CNT chips hint at a silicon-free future

Researchers in the US have unveiled the first computer to be built entirely from carbon nanotube (CNT) transistors. Their prototype is nothing fancy – or fast – in terms of computing power, but it can use a simple operating system to switch between two different tasks: counting and sorting numbers.

People have been making CNT transistors and circuits for over a decade, but using them to build complex electronic systems has proved tricky. Max Shulaker and his colleagues at Stanford University in the US have overcome many of the traditional difficulties associated with building CNT chips. They devised an algorithm to bypass CNTs that were not aligned parallel on the chip and also got rid of ‘metallic’ CNTs (which always conduct electricity rather than acting as semiconductors) by passing electricity through them until they vaporised. The resulting parallel semiconducting CNTs could then be made into functioning circuits.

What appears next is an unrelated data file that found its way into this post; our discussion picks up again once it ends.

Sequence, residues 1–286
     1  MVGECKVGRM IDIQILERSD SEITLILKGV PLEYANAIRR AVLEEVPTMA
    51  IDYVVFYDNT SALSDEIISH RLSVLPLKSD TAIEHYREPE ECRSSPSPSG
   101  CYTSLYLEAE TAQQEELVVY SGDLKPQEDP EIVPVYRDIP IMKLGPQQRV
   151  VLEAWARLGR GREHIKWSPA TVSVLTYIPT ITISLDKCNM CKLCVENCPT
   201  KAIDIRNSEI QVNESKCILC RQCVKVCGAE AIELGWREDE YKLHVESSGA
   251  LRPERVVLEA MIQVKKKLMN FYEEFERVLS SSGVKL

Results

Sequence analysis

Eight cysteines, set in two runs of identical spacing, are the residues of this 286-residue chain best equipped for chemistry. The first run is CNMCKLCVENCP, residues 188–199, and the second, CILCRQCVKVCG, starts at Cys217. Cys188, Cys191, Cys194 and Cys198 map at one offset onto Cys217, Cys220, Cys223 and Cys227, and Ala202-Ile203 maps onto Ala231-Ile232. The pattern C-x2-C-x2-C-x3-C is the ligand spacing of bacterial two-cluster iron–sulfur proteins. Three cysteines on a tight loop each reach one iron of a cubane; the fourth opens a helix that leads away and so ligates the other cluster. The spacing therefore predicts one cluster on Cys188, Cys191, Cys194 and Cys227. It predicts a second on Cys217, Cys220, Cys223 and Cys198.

It has long been predicted that CNT technology will one day overtake traditional silicon chips, which are reaching their limits in terms of miniaturisation. The development of a functional computer shows this is a real possibility, and the team are confident their prototype can be improved.